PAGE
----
Included are an eight, ten, and twelve-inch whisk. The durable rubber handles let you use these whisks easily, and the wires are firmly attached for lasting use.
The French whisk is the closely related cousin to the balloon whisk, featuring many similar elements of construction.
However, its narrower profile makes it better suited for scraping along the sides of deeper bowls, making it the better choice for larger batches of whatever is being whisked.
Whipping ten egg whites instead of two? Reach for your French whisk.
Best Manufacturers 12-inch Standard French Wire Whisk
The Best Manufacturers 12-inch Standard French Wire Whisk offers everything you need in a French whisk.
The long, twelve-inch design can reach to the bottom of the deepest bowls, allowing you to evenly whip up meringue sufficient for a whole party’s worth of pie.
The esoteric ball whisk looks more like a retro light fixture than a kitchen gadget. This whisk features no loops, and instead utilizes several (usually ten or twelve) thicker lengths of wire.
Each with a ball bearing attached to the end. This makes the whisk much easier to clean—the loop-end varieties are famously difficult to clean, even for the most dedicated tongue-bathing assistant, eager to sop up all that leftover cake batter.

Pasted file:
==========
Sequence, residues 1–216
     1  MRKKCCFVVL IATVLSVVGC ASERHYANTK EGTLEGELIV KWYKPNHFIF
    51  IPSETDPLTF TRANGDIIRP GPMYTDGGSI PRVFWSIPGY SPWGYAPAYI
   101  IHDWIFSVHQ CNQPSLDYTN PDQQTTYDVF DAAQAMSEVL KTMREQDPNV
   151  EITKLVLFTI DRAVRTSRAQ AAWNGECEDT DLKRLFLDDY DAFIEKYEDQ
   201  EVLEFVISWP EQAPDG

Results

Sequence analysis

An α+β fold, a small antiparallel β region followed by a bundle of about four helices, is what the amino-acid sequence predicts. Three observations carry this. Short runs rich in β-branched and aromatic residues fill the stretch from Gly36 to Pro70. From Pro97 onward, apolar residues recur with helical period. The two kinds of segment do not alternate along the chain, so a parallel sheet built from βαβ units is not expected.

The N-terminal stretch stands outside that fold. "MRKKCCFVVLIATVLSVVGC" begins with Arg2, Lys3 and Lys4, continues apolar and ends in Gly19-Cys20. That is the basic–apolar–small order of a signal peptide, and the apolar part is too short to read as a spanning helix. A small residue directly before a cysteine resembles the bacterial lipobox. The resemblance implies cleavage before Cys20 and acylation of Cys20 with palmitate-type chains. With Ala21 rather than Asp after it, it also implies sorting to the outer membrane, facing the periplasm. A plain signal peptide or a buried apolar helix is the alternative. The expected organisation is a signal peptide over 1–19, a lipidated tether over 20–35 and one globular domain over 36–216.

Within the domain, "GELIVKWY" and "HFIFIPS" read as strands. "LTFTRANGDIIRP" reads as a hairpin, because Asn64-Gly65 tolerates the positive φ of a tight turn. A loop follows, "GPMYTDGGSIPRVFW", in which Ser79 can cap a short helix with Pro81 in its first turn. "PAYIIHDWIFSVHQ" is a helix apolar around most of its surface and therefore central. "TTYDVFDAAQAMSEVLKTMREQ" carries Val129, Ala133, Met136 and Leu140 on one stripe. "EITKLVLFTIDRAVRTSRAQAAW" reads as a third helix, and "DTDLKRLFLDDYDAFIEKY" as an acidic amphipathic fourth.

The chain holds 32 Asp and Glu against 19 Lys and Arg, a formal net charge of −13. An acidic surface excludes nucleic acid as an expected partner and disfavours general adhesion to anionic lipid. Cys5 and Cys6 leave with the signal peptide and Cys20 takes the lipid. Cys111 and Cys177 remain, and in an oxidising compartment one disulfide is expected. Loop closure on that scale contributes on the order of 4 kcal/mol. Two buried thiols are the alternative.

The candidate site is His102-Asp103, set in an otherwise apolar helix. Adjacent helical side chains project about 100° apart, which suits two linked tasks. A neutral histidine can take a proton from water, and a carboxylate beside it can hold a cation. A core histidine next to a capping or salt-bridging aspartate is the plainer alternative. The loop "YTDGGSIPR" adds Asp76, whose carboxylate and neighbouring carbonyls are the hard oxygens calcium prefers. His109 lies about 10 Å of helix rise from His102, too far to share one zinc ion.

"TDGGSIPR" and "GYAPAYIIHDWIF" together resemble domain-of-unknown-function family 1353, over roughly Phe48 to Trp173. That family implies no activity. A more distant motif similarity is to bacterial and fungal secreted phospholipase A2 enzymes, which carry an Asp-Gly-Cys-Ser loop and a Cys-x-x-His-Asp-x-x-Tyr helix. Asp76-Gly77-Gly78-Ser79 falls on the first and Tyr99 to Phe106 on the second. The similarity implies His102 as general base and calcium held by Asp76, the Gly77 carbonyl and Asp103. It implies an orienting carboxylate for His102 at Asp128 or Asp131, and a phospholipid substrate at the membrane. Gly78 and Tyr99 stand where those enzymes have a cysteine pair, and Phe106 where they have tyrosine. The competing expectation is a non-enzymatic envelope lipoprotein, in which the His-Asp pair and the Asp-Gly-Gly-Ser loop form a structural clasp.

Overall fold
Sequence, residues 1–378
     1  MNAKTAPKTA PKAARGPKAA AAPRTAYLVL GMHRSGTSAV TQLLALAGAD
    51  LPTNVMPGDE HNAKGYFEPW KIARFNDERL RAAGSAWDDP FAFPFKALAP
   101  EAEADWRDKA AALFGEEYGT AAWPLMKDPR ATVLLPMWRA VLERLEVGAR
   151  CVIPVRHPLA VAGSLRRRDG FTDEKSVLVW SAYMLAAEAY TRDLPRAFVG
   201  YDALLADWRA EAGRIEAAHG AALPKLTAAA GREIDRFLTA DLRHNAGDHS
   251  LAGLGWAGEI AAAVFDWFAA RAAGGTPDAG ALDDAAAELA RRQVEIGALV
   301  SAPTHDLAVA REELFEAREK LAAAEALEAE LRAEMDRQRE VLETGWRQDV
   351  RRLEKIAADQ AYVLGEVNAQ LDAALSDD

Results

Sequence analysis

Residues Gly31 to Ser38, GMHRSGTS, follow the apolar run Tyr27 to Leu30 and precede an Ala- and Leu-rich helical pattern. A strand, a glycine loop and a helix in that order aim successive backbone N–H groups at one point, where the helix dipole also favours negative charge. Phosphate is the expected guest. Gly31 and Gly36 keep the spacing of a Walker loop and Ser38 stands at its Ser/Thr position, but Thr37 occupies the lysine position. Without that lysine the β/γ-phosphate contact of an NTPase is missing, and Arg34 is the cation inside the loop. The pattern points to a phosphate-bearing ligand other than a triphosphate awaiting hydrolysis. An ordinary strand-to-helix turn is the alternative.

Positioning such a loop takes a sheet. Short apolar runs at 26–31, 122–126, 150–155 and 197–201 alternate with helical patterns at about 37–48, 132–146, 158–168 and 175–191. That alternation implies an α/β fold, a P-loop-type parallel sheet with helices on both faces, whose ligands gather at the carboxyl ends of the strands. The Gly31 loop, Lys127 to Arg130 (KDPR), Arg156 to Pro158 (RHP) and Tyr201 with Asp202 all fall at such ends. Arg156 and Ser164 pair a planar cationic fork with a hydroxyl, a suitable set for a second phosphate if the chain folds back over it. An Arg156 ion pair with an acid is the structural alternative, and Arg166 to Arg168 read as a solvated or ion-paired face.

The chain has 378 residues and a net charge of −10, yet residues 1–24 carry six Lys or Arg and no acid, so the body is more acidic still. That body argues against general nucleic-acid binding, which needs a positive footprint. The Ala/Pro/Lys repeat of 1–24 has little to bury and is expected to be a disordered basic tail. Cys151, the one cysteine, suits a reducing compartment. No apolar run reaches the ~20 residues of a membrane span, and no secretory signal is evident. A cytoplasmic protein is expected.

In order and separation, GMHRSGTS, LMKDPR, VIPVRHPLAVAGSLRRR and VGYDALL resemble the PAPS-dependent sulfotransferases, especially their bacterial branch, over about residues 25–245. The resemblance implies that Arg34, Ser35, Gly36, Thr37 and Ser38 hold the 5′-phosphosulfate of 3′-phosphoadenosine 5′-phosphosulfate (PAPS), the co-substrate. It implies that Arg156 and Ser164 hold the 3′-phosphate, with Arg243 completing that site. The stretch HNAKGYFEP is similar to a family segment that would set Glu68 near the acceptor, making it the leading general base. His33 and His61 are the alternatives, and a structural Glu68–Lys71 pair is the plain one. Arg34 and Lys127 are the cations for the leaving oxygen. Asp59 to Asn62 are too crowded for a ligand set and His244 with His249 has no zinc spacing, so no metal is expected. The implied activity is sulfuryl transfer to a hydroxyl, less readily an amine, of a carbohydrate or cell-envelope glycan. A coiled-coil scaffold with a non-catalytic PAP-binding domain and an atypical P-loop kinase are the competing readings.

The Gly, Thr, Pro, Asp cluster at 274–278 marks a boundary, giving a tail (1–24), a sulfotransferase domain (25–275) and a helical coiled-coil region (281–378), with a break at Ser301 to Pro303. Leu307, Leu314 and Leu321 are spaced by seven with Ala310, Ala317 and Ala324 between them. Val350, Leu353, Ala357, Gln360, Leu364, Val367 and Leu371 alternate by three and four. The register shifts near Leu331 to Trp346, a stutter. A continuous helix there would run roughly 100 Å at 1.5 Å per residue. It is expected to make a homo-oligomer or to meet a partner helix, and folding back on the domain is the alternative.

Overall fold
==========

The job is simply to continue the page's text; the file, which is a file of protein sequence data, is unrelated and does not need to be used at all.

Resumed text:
Proponents of this design claim that by flexing and spreading more than the loop-end designs, this model more effectively aerates egg batters and other mixtures.
VansieHome 12-inch Ball Whisk
The VansieHome 12-inch Ball Whisk features all the best of ball whisks—easy to clean stainless steel wires.
And ball-ends that get into every hidden nook and cranny of your mixing bowl, and a sleek stainless steel handle.
The attached loop on the handle provides for stylish hanging of the whisk, if you are not content to toss it in the gizmo drawer.
Its ball whisk design will aerate eggs much faster than your old balloon or French whisk!
The Doohickey – Mikey Store Stainless Steel Whisk Egg-Beater
Never able to leave well enough alone, the crafty kitchen engineers at Mikey Store offer the Stainless Steel Whisk Egg-Beater doohickey.
OK, it isn’t actually advertised as a doohickey, but this gizmo defies categorization in the genre of whisks.
Specifically designed for beating eggs, this clever device is a push-operated, non-electric machine for beating eggs.
Essentially borrowing from the balloon whisk design, this gadget is placed into a bowl of eggs, and downward pressure forces the wires to rapidly spin, thus whipping up your eggs.
Using some basic machinery, this eggbeater economizes your effort by giving you many rotations without so much as the single flick of a wrist.
Sturdy stainless steel construction guarantees a long lifetime of rust-free, easy to clean use.
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Never Whisk a Bad Omelet Again
With such a wide variety of egg-whipping whisks on the market, there’s no excuse to prepare anything less than the fluffiest omelets or the most delicate peaks of meringue again.
Checkout these tips for the perfect egg whites by the Culinary Institute of America.